2. Is there an audit trail to show that no work is done?
  3. Does the employer and employee know that “no work” = no work?
  4. Is an “out of office” set and furloughed employee email accessed by, or diverted to, non-furoughed staff?*
  5. Is it clear that client or supplier enquiries to the employee are diverted to non-furloughed staff?
  6. Even if funds are tight, discuss the CJRS process and application with a specialist with knowledge of HMRC tax investigations (in writing this, I’ve spoken to Jon Preshaw, who can be contacted here and I also thank him for his very useful input).

*HMRC confirmed (although only by the webchat function) that a furloughed employee checking email, to forward on to an unfurloughed employee to action is fine, as long as it is not worked on by the furloughed employee. [items in green updated 30 April 2020]

Update June 2020: the draft legislation pushes known errors, not reported with 30** days, into the deliberate and concealed penalty category. This could result in a 100% penalty, in addition to the refund of CJRS support. For larger amounts, this could also trigger the “naming and shaming” rules. The ATT response to the draft legislation consultation is worth a read.

**Update July 2020: the 30 day rule has been extended to 90 days but the other provisions still apply (see clause 106 and sch 16 of the Finance Bill, which should receive Royal Assent in July).

5 April 2020 year end tax planning – in three minutes

A quick checklist before 5 April (and before the 11 March Budget, where lots of things may change!)

  1. Maximise ISA savings
  2. Review pension contributions
  3. Consider pension tax breaks for your children (even minors)?
  4. Use your capital gains tax allowance
  5. Use your £2k dividend 0% tax band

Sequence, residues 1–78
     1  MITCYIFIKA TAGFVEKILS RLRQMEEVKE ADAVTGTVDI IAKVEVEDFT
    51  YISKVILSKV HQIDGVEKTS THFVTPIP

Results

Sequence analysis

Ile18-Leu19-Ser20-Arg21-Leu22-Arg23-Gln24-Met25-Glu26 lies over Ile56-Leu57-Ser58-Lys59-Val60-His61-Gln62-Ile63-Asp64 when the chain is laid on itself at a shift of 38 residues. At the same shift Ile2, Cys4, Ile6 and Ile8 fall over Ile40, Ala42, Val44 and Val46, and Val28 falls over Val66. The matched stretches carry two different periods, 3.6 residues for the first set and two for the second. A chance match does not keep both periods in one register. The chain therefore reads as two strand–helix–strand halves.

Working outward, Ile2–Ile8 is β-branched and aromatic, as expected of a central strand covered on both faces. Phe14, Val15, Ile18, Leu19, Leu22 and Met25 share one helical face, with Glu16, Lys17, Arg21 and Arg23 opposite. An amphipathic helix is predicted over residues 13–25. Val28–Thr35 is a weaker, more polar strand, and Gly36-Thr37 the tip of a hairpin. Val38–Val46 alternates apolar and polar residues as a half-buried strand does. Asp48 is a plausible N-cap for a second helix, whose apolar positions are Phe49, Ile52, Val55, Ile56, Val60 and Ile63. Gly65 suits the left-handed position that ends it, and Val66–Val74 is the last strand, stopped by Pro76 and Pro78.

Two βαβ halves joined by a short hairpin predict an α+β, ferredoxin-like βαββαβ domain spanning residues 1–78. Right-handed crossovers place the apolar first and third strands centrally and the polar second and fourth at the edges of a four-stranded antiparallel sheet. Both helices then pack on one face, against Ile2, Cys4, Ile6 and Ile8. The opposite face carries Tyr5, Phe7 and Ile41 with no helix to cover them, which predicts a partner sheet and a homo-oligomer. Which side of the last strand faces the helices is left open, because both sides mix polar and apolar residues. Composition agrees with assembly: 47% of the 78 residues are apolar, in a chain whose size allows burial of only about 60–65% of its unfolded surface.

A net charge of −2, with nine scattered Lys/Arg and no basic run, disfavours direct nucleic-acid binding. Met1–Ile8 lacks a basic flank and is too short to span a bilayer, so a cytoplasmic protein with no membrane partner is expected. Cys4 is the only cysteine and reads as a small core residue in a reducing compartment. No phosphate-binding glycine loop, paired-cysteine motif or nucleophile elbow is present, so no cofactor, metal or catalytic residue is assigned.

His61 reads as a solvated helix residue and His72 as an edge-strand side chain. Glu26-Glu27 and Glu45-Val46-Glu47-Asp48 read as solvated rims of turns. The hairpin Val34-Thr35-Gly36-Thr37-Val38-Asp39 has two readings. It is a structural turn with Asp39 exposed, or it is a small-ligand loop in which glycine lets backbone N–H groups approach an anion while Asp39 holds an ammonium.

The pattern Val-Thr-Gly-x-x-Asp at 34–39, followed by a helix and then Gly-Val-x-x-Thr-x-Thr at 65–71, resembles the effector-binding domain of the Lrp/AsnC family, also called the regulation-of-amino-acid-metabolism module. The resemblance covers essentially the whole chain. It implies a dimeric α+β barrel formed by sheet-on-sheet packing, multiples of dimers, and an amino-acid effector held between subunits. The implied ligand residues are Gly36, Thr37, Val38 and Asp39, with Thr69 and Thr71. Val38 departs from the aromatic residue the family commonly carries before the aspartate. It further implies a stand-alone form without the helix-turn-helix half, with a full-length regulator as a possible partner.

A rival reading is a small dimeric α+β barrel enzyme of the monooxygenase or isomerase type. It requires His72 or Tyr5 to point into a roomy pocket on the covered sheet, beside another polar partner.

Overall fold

6. 30% income tax relief, using EIS/VCT investments?
  7. Review and note gift aid tax relief
  8. Pay any outstanding 31 January 2020 tax before the end of February, to avoid a penalty
  9. Check your PAYE coding notice and benefits package
  10. Will your tax on rental income rise, due to the interest restrictions?
  11. Use personal allowances of spouse, children and grandchildren
  12. Are you paying high marginal rates of tax?
  13. Business – extract cash in a tax efficient way (salary, loan, dividend, rent, pension?)
  14. Trusts – create new ones; distributions from existing ones; close down old ones; do you need to complete the trusts register and keep sufficient records?
  15. Inheritance tax – gifts, update will or letter of wishes, create lasting power of attorney
  16. Get a fixed fee quote for your 2020 tax return
  17. Are you a Scottish or Welsh taxpayer?
  18. Are any overseas assets or income taxed correctly in the UK and overseas?
  19. Have you set up your online personal tax account with HMRC?
  20. Do you have a tax payment on account to make on 31 July 2020?

These are prompts rather than fine detail – for further information please contact me.

Tax tips

Here are my top ten tax tips:

  1. Have your tax return completed and submitted to HMRC as soon as possible after 5 April (ideally by 31 August);
  2. If you have substantial dividend income, or are self-employed, budget for your tax payment monthly;
  3. If your non-PAYE income is significant, understand the payments on account system as soon as possible (https://blackshawtax.com/2016/11/18/tax-interim-payments-on-account-a-simple-guide/);
  4. Pensions tax relief and ISA allowances are very generous – save as much as you can as early as you can, to maximise the tax breaks;
  5. Before you worry about inheritance tax, make sure you and your family have wills, powers of attorney and adequate life insurance (and even after that, don’t worry about it too much);
  6. Don’t introduce tax risk into your finances (https://blackshawtax.com/tax-risk-a-few-warnings/);
  7. If you buy a foreign holiday home (or even a helicopter or jet), at some point you will regret doing so (and, if you must buy one, don’t put a complex and costly structure around it that may work today but not tomorrow);